The Kevin Bacon directed "Loverboy" is his chance to glorify his wife Kyra Sedgwick, but showcasing her in a bikini, leather pants, and even nothing at all at some point, while at the same time, getting lazy in the director's chair, and making a silly, Lifetime-esque, drama about a mother who is waaay too overprotective about her son.
Sedgwick plays Emily Stowe, whose main goal in life is to have a child, so that she could share life's immense wonders with. She doesn't want a husband, or a house, or a place to live, or even a father. So, she decides to go around the United States, sleeping with as many men as she possibly can, unprotected, so that she'll end up having a baby, and she'll never have to worry about who the father is at all. When that doesn't work, she ends up having a night with a man she meets in a hotel, and then ends up pregnant. The only shred of having a memory of him is naming her son after him, Paul, aka Loverboy, a nickname that young Paul tires of by the time he's six. Emily loves her child, and doesn't want to let him out of her sight. . . ever. She doesn't even take him to school. She homeschools him, and ends up thinking that she is the most exceptional child that anyone could have. However, he starts to grow to the age where he wants to experience life. He wants to go fishing with a friendly man he meets on vacation. He wants to take the school bus with all of the other children on the block.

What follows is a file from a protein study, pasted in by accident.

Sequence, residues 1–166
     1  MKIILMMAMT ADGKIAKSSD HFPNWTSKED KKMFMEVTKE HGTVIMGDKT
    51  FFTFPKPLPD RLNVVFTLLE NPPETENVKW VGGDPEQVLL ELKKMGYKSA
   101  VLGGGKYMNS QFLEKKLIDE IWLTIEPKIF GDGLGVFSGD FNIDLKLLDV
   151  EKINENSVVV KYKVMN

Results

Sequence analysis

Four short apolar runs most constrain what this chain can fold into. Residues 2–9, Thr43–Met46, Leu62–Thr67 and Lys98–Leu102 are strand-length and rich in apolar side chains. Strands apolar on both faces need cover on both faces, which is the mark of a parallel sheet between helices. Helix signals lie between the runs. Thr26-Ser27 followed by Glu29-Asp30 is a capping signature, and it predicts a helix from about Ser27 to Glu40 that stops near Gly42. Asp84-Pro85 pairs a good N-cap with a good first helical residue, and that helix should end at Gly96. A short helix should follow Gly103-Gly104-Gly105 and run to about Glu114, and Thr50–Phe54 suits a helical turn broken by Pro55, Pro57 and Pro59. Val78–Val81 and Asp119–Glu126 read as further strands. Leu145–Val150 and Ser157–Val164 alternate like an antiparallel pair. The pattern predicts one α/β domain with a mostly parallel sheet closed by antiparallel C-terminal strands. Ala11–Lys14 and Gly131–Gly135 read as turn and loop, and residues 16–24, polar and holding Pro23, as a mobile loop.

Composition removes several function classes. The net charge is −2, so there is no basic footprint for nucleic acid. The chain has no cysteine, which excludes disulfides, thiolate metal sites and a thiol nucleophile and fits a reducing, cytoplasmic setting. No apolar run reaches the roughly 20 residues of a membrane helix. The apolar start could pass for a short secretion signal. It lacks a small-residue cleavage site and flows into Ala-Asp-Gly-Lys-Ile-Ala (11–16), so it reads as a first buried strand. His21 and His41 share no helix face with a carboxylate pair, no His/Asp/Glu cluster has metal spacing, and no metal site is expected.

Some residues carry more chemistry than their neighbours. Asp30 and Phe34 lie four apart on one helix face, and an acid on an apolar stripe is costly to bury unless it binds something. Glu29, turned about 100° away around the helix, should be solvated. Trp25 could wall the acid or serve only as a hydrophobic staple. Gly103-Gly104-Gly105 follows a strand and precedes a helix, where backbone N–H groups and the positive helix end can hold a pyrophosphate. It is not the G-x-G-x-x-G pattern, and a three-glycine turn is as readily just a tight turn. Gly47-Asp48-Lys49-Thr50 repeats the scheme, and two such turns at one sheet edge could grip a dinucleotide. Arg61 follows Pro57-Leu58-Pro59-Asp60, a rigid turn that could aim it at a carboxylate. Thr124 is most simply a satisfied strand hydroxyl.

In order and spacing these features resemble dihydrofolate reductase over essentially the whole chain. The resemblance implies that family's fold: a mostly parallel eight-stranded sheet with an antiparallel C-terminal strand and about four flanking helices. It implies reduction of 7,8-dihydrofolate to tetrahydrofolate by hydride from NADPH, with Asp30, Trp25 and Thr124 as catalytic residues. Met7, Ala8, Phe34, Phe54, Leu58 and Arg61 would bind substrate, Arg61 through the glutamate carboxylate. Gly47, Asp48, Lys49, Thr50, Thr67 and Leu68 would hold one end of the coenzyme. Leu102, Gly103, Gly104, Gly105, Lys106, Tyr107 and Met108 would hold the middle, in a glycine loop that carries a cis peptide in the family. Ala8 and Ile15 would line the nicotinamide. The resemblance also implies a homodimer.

All of this is intercutted with flashbacks to Emily's childhood, with her odd, self-absorbed, hippie parents, played by Bacon and Marisa Tomei. These flashbacks are shot strangely, with the camera always at a tilt, capturing exactly how strange it must've been to live in this house at the time. Emily spends alot of time with Mrs. Harker, who has two children that she spends alot of time with. The grown up Emily ends up taking on the qualities of both her father, and the real mother figure in her life, Mrs. Harker. Her real mother seems to have been discarded completely.
"Loverboy" has an interesting plot, but a horrible execution. The script has some of the most shoddy disalouge that I ever heard, that it sounds like something Shakespherian. The writers name is actually Hannah Shakespeare. I don't know if there is any relation, but if there is, she should stop trying to write as her famous relative would. Sedgewick is good here, and I wish she would have had something better to work with, and the ending, which could have been dark and disturbing and perfect, had an added three minutes which just make it cheesy, and silly. I guess it does make something clear, which I can't add her, but it wasn't exactly needed. It could've been much more grim, and it would've worked more, at least thats what I think. As for Kevin Bacon's feature director debut, he needs some work. He should talk to Tommy Lee Jones, whose directorial debut last year with "The Three Burials of Melquiades Estrada" was something special. "Loverboy" is solely made for television material.